Buzzfeed got their hands on a copy of a Congressional Hispanic Caucus memo outlining "five suggestions for administrative actions the president can take along with six suggestions for "humane" enforcement reforms the DHS can make." The memo, sent to DHS Secretary Jeh Johnson, included an expansion of DACA and parole in place.
In what's unfortunately becoming a daily routine, here's the depressing news item of the day: "A wall of angry protesters blocked three buses of undocumented immigrants in Southern California, forcing them to turn around -- but with no clear final destination." The 140 families on board had travelled from Texas to go to the Murrieta, CA Border Patrol station for processing, but instead were taken to a border station in San Ysidro, CA. Protesters were heard chanting: "USA!," "Impeach Obama!," and "Deport! Deport!".
Rep. Darrell Issa (R-CA) has sent his sign-on letter calling on President Obama to "end the Deferred Action for Childhood Arrivals (DACA) program" (and other helpful advice to the administration). (AILA Doc. No. 14070252.) The letter was signed by 32 of his Republican colleagues in the House, but notably Reps. Steve King (IA), Louie Gohmert (TX), and Bob Goodlatte (VA) were absent.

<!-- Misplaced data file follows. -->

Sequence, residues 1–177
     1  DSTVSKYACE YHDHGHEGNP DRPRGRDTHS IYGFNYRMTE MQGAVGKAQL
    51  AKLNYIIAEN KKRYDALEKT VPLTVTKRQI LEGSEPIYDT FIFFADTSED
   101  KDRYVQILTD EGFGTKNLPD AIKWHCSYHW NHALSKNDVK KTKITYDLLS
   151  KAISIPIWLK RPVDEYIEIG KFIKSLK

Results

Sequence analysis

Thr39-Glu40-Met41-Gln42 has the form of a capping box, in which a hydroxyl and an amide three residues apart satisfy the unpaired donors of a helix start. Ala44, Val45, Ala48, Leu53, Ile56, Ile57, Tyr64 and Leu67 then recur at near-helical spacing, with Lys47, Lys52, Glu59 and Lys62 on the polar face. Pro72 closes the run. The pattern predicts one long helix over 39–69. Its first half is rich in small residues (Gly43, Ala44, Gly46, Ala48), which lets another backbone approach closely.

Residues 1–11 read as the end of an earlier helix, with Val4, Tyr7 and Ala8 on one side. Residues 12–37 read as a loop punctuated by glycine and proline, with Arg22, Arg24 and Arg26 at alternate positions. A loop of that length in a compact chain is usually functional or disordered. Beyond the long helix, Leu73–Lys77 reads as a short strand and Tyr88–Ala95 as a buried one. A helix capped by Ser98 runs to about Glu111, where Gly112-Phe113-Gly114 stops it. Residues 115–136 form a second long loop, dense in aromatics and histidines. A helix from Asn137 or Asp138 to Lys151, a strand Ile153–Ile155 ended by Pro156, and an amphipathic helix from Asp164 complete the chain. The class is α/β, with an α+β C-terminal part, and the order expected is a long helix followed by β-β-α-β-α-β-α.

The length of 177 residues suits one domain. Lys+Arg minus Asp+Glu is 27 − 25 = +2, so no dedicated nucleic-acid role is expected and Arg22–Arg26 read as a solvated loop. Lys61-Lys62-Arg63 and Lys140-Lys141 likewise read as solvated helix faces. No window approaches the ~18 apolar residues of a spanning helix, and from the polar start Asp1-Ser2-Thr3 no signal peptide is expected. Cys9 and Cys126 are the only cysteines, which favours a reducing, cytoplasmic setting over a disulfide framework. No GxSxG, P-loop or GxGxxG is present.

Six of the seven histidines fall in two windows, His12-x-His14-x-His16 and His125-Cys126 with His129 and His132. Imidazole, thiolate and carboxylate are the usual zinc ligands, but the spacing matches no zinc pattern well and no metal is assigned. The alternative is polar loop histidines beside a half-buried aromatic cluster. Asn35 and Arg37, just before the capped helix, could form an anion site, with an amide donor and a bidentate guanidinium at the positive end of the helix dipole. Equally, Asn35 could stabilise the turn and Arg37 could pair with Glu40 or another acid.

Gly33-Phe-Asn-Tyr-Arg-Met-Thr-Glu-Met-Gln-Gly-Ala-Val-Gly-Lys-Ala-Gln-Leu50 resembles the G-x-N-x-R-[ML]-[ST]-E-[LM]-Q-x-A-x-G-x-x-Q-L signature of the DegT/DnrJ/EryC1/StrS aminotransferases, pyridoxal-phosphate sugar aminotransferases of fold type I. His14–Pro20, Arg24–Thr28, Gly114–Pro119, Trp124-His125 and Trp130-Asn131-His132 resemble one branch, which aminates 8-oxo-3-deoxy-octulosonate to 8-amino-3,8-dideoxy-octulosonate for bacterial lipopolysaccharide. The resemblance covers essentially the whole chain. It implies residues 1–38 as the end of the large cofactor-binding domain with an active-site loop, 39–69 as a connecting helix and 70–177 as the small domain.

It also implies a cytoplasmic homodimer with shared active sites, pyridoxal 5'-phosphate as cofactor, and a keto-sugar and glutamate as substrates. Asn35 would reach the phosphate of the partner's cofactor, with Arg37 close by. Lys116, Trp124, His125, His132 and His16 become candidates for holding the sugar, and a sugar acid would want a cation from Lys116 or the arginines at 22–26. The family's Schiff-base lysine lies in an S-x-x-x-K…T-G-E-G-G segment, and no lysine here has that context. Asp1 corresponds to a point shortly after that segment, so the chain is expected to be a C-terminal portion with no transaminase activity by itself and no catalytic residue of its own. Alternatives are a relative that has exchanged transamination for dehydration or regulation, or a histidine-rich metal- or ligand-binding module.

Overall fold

During his visit to Texas this week, DHS Secretary Jeh Johnson announced "the immediate deployment of approximately 150 U.S. Border Patrol agents to the Rio Grande Valley Sector to augment illegal entry detection efforts while enhancing processing and detention capabilities. This deployment enhances efforts to execute joint, targeted enforcement operations in order to disrupt and degrade criminal organizations that are responsible for smuggling illegal immigrants and drugs throughout the South Texas Corridor."
July 1, 2014
For more information about the humanitarian crisis in Central America, and its impact on the southern border, visit AILA's new resource page: www.aila.org/humanitariancrisis.
Yesterday, President Obama announced that his administration would be using his executive authority to help keep families together because the House leadership refuses to act on immigration reform. The Center for American Progress released a report today profiling the affirmative relief policies that are available to the administration: deferred action, parole in place, and deferred enforced departure.
Elizabeth Kennedy, in a new report for the American Immigration Council, "No Childhood Here," shares the results of her research after living in El Salvador for the last nine months. She strives to explain the causes of child migration and the effects of child deportation and finds that violence, extreme poverty, and family reunification play important roles in pushing kids to leave their country of origin.